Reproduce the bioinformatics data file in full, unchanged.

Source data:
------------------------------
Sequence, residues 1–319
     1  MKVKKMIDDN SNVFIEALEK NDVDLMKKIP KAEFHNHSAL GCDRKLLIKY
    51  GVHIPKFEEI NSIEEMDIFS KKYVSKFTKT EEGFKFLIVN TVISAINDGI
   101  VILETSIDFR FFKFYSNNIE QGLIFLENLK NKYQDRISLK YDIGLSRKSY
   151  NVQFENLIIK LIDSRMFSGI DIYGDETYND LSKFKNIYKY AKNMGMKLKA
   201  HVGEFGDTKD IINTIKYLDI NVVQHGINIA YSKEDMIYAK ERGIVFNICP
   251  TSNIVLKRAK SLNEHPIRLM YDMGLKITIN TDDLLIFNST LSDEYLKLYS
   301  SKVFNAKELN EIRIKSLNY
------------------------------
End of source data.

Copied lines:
Sequence, residues 1–319
     1  MKVKKMIDDN SNVFIEALEK NDVDLMKKIP KAEFHNHSAL GCDRKLLIKY
    51  GVHIPKFEEI NSIEEMDIFS KKYVSKFTKT EEGFKFLIVN TVISAINDGI
   101  VILETSIDFR FFKFYSNNIE QGLIFLENLK NKYQDRISLK YDIGLSRKSY
   151  NVQFENLIIK LIDSRMFSGI DIYGDETYND LSKFKNIYKY AKNMGMKLKA
   201  HVGEFGDTKD IINTIKYLDI NVVQHGINIA YSKEDMIYAK ERGIVFNICP
   251  TSNIVLKRAK SLNEHPIRLM YDMGLKITIN TDDLLIFNST LSDEYLKLYS
   301  SKVFNAKELN EIRIKSLNY